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genius of the poet, could not add much to his already great and deserved reputation. The genius and strength of Byron, which was essentially lyrical and descriptive, did not excel in that style of poetry which represents variety of character and professes to reveal the secret motives of human action. The continuation and completion of Don Juan, extending to fifteen cantos, 1822, was his last great work.
It is scarcely necessary to point out the characteristic features of Byron's poetry—the most read, probably, of any in any age or country. His poetic fire, rapidity, grace, mingled irony and pathos have never been surpassed or indeed equalled. Improving upon the example of Scott, he was the first (in practice: in principle he appears from his published letters to have been more conservative) to break away from the traditions of the old • classical’ school, which too often considered the form rather than the substance. The genius of Byron was as versatile as it was energetic. Childe Harold and Don Juan are perhaps the greatest poetical works of this century,* and in his tales and minor poems there is a grace, an interest, and romantic picturesqueness that render them peculiarly fascinating to youthful readers. The Giaour has passages of still higher description and feeling-particularly that fine burst on modern Greece contrasted with its ancient glory, and the exquisitely pathetic and beautiful comparison of the same country to the human frame bereft of life. The Prisoner of Chillon is also natural and affecting: the story is painful and hopeless, but it is told with inimitable tenderness and simplicity. The reality of the scenes iņ Don Juan must strike every reader. Byron, it is well known, took pains to collect his materials. His account of the shipwreck is drawn from narratives of actual occurrence, and his Grecian pictures, feasts, dresses, and holiday pastimes, are literal transcripts from life. Coleridge thought the character of Lambro, and especially the description of his return, the finest of all Byron's efforts: it is more dramatic and life-like than any other of his numerous paintings. Haidee is also the most captivating of all his heroines. His Gulnares and Medoras, bis corsairs and dark mysterious personages,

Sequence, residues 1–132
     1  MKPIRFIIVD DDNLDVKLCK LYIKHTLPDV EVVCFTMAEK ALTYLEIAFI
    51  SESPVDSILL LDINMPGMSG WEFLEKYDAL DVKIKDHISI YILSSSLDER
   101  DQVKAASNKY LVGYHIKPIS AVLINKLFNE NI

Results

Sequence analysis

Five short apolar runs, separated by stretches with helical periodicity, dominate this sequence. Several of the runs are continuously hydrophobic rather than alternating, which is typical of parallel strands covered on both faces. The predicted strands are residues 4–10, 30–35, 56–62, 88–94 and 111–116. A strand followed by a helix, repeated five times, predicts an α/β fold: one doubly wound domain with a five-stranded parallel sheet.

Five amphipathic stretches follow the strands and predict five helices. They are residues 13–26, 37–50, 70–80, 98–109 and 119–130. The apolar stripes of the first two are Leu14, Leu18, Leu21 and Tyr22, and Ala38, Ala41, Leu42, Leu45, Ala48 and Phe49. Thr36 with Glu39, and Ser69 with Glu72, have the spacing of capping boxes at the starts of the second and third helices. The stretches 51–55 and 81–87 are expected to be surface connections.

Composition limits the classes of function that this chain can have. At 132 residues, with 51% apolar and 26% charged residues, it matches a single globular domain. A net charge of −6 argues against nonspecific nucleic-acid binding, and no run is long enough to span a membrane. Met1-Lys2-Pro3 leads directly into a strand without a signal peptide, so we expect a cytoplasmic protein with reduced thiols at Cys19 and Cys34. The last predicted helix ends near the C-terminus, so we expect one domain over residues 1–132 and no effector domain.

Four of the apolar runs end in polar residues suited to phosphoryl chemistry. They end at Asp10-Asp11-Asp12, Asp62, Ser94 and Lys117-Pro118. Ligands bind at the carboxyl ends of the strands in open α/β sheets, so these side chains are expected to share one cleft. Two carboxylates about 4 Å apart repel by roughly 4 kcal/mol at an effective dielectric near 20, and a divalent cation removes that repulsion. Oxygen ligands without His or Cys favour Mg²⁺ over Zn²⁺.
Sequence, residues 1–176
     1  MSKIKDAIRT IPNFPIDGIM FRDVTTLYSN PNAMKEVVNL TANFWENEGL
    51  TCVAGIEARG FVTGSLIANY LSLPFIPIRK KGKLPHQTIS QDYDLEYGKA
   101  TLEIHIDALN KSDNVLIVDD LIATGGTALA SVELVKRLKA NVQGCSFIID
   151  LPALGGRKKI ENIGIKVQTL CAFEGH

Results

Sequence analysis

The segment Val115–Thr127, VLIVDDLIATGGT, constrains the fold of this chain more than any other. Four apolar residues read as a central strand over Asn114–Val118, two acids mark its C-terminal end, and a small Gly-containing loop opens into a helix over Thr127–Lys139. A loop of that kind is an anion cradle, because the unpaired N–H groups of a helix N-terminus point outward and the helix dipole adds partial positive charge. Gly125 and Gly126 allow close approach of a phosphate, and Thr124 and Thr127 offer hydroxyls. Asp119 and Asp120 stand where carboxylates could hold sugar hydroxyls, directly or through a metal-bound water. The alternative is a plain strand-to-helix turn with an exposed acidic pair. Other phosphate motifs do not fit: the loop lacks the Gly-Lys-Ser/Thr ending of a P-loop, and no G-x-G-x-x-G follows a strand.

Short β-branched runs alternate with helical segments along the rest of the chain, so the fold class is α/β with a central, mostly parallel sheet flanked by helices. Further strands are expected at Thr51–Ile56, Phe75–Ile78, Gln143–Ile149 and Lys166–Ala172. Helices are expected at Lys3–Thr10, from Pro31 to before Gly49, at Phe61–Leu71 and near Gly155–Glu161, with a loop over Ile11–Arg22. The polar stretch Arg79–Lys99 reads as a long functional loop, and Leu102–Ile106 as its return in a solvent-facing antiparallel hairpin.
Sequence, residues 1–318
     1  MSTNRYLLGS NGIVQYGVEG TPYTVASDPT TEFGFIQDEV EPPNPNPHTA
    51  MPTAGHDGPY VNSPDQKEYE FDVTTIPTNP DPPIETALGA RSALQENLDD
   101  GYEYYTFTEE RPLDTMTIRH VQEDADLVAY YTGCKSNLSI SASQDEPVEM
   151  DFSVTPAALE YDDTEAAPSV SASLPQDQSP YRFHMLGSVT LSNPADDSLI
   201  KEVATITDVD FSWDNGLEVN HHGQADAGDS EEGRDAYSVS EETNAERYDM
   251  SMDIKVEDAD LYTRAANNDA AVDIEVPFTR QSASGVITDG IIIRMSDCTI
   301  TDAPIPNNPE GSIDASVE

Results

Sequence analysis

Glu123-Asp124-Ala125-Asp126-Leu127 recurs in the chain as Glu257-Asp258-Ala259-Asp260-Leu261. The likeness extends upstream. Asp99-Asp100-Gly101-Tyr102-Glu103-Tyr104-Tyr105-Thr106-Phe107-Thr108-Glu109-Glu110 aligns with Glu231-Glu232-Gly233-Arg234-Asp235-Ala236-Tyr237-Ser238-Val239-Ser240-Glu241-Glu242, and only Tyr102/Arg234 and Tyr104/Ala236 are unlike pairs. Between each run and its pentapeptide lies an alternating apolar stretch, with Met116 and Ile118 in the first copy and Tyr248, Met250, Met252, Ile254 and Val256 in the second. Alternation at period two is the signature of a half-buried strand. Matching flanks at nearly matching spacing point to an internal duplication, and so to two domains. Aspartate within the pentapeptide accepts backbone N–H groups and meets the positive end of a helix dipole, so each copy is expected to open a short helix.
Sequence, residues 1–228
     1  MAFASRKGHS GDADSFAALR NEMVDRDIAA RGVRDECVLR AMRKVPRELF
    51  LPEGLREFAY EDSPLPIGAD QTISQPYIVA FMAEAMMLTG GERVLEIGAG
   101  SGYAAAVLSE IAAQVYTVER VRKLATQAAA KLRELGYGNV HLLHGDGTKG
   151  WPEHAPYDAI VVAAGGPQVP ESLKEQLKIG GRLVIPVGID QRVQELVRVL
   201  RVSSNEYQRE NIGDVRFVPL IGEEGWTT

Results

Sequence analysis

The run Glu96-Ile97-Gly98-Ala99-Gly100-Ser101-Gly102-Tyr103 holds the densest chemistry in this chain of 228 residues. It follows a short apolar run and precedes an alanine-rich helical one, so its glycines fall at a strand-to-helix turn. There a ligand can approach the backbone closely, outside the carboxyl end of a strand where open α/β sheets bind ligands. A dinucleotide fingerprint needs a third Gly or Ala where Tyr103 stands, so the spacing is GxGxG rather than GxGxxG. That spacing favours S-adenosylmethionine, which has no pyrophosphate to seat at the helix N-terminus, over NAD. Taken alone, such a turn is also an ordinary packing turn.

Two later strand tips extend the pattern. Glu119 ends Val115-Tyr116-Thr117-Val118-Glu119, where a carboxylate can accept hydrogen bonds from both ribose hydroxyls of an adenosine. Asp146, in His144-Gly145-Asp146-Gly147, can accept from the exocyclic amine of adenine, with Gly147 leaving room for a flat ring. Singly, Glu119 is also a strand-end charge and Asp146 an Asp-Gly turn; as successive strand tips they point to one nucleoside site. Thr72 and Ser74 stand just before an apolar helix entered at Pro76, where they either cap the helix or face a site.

Link'd with one virtue, and a thousand crimes,— are monstrosities in nature, and do not possess one tithe of the interest or permanent poetical beauty that centres in the lonely residence in the Cyclades. The English descriptions in Don Juan are also far inferior. There is a palpable falling off in poetical powers, and the peculiar prejudices and forced ill-natured satire of the poet are brought prominently
* Some may be disposed to think that the supreme poetic honour is due rather to the Prometheus Unbound or The Cenci—if by 'greatness' is meant at once sublimity of genius, true poetic feeling, and earnestness of moral purpose. To the chefs-d'æuvre of Byron may be more justly conceded the first place for brilliancy.'